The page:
Please ensure Javascript is enabled for purposes of website accessibility

Social Security: How Long Do I Have to Work to Get Benefits?

By Dan Caplinger - Updated May 30, 2018 at 3:50PM

You’re reading a free article with opinions that may differ from The Motley Fool’s Premium Investing Services. Become a Motley Fool member today to get instant access to our top analyst recommendations, in-depth research, investing resources, and more. Learn More

There are several nuances to how long of a work history you need for Social Security to kick in.

About 60 million people get Social Security benefits, either because they're retired, disabled, or entitled to receive payments as a family member of a qualifying worker. But one of the most common questions about Social Security is how long you have to work in order to get benefits. The answer depends on the type of benefit you're claiming and the length of time can vary greatly depending on your particular situation.

Social Security card and money

Image source: Getty Images.

The general rule for retirement benefits

In order to be eligible for Social Security benefits, you have to accumulate a certain number of Social Security credits. You can earn up to four credits each year, and the amount of earnings you need in order to get one credit adjusts for inflation. For 2016, $1,260 in earned income will get you one Social Security credit, meaning that anyone with $5,040 or more in wages, salary, or other earnings from work will get their four credits for the year.

To be eligible for retirement benefits from Social Security, you need a total of 40 credits. Most workers cover that requirement by working for 10 years, earning enough in each year to get the maximum available four credits annually. For those with lower earnings, it can take a bit longer, but there's no requirement that you earn the credits in consecutive years.

Disability benefits and work credits

The rules for disability benefits under Social Security are different. In particular, more credits are needed for those who are in the late stages of their careers, but younger workers don't need as many. Below, you'll find a table that gives the details.

Age When Disabled

Credits Needed

Minimum Work Needed

Before 24



24 to 30

Special Rule*

Special Rule*

31 to 42






























62 or older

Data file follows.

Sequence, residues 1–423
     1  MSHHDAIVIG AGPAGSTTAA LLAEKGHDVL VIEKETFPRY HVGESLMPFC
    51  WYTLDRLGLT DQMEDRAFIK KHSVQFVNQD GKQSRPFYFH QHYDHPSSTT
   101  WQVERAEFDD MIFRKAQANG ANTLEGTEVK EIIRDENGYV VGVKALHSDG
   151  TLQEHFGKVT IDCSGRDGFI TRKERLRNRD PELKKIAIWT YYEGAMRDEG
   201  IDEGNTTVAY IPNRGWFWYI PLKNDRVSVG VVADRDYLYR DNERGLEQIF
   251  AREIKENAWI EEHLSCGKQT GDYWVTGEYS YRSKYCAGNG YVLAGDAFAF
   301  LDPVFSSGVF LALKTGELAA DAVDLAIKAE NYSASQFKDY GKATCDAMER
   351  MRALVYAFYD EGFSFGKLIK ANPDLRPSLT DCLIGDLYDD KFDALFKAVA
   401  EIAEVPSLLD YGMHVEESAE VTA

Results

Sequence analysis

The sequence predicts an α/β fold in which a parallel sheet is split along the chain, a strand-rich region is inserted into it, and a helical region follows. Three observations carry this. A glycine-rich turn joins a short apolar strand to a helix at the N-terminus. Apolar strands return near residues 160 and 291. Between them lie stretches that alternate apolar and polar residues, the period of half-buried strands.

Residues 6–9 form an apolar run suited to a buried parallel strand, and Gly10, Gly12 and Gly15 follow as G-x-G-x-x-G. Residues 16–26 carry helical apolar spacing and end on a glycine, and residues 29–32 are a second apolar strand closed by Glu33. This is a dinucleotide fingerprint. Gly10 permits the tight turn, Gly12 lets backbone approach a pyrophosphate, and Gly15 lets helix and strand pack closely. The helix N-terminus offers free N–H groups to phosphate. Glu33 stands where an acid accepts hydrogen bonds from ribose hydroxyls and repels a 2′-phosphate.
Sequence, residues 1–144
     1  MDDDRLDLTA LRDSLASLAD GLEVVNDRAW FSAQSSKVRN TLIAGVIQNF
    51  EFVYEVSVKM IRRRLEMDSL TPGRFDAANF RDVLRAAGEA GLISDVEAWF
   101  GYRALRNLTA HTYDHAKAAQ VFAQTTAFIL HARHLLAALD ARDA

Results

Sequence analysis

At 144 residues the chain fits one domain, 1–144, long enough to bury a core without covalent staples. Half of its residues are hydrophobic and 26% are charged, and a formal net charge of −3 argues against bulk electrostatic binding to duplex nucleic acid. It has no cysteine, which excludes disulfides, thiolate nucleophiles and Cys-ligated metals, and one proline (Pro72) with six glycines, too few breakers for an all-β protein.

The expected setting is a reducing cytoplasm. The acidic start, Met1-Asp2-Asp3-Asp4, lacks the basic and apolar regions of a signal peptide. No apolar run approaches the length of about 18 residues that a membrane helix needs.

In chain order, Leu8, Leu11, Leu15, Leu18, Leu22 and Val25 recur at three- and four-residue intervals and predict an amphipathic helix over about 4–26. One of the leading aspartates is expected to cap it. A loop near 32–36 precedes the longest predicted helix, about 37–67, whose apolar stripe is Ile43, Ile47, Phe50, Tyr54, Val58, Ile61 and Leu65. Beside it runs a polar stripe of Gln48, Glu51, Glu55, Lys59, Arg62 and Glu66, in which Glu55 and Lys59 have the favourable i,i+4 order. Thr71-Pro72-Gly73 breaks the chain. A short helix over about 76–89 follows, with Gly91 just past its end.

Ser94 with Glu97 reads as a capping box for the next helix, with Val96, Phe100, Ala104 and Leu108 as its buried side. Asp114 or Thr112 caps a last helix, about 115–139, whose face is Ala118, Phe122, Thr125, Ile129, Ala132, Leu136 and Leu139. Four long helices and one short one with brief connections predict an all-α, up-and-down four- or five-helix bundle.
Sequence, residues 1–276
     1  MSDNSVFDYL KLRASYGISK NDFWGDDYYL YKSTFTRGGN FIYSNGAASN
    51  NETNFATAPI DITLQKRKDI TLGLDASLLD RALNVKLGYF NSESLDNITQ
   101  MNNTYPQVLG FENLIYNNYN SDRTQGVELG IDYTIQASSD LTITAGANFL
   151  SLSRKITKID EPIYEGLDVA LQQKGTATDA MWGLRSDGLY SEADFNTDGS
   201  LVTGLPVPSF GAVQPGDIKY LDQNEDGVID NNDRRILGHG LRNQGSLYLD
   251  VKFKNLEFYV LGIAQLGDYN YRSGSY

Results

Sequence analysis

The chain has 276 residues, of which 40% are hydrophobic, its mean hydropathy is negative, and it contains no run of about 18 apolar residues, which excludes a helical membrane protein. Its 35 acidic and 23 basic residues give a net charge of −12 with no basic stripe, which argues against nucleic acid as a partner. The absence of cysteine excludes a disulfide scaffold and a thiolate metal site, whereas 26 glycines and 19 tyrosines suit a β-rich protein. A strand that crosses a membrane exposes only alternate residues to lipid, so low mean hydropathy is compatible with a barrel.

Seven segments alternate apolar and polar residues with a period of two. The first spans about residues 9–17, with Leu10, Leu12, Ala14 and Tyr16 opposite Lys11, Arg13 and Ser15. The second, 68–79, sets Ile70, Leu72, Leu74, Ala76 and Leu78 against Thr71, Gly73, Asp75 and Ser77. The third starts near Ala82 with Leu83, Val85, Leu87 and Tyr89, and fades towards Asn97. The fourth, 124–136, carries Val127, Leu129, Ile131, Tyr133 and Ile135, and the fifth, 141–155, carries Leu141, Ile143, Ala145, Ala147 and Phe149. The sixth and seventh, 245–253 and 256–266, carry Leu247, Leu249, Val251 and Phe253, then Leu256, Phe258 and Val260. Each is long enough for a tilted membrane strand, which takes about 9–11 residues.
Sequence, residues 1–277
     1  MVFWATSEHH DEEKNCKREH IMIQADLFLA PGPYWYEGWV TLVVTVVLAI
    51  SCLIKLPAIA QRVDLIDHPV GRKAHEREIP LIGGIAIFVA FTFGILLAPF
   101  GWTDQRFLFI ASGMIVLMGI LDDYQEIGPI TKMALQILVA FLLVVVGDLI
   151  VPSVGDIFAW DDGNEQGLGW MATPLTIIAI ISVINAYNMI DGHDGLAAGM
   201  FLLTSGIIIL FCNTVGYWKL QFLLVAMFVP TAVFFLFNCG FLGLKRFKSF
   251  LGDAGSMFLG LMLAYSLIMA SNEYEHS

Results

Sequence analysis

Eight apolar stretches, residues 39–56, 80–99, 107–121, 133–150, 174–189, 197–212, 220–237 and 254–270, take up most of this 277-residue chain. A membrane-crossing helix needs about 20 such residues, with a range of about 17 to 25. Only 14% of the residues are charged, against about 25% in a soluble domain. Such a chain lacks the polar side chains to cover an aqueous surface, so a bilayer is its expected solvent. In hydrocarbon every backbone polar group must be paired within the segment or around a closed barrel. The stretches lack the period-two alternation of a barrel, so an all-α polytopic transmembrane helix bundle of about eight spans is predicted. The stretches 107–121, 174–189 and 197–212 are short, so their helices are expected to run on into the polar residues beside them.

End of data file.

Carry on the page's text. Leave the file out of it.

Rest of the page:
Data source: Social Security Administration. * Before age 24, you need six credits in the most recent three years. From 24 to 30, you need credits for half of the time between age 21 and when you became disabled.

The rationale for this is simple: the younger you are when you get disabled, the more difficult it will be to have a large number of Social Security credits already accumulated. The compromise means that you don't have to have worked constantly during young adulthood, but you do need a reasonable amount of work history.

Also, note one key rule: unless you are blind, you need to have earned at least 20 of the required credits in the 10 years immediately before you become disabled. This can prevent early retirees from getting disability benefits if they become disabled long after they decided to quit work.

Work credits and survivor benefits from Social Security

For survivor benefits, the same general rationale applies. A young worker who dies unexpectedly won't have had time to accumulate 40 credits, but a surviving spouse and children will still need financial support under the system. As a result, Social Security requires a smaller number of credits depending on how old people are when they pass away.

For whatever reason, however, the Social Security Administration isn't nearly as open about the exact requirements for survivor benefits as with disability benefits. All of the SSA's own information merely states the general rule that up to 40 credits, or 10 years of work, are necessary but that it depends on age at the time of death. Those who were "very young" when they die will leave their family members eligible if they worked for six credits in the three years preceding death. Those special rules generally apply to those who have children who are eligible and whose spouse is caring for the children.

Social Security benefits are vital, but there are eligibility requirements. Knowing which rules apply to you is important in order to make sure you'll get the benefits you count on and expect.

Invest Smarter with The Motley Fool

Join Over 1 Million Premium Members Receiving…

  • New Stock Picks Each Month
  • Detailed Analysis of Companies
  • Model Portfolios
  • Live Streaming During Market Hours
  • And Much More
Get Started Now

Related Articles

Motley Fool Returns

Motley Fool Stock Advisor

Market-beating stocks from our award-winning analyst team.

Stock Advisor Returns
S&P 500 Returns

Calculated by average return of all stock recommendations since inception of the Stock Advisor service in February of 2002. Returns as of 07/01/2022.

Discounted offers are only available to new members. Stock Advisor list price is $199 per year.

Premium Investing Services

Invest better with The Motley Fool. Get stock recommendations, portfolio guidance, and more from The Motley Fool's premium services.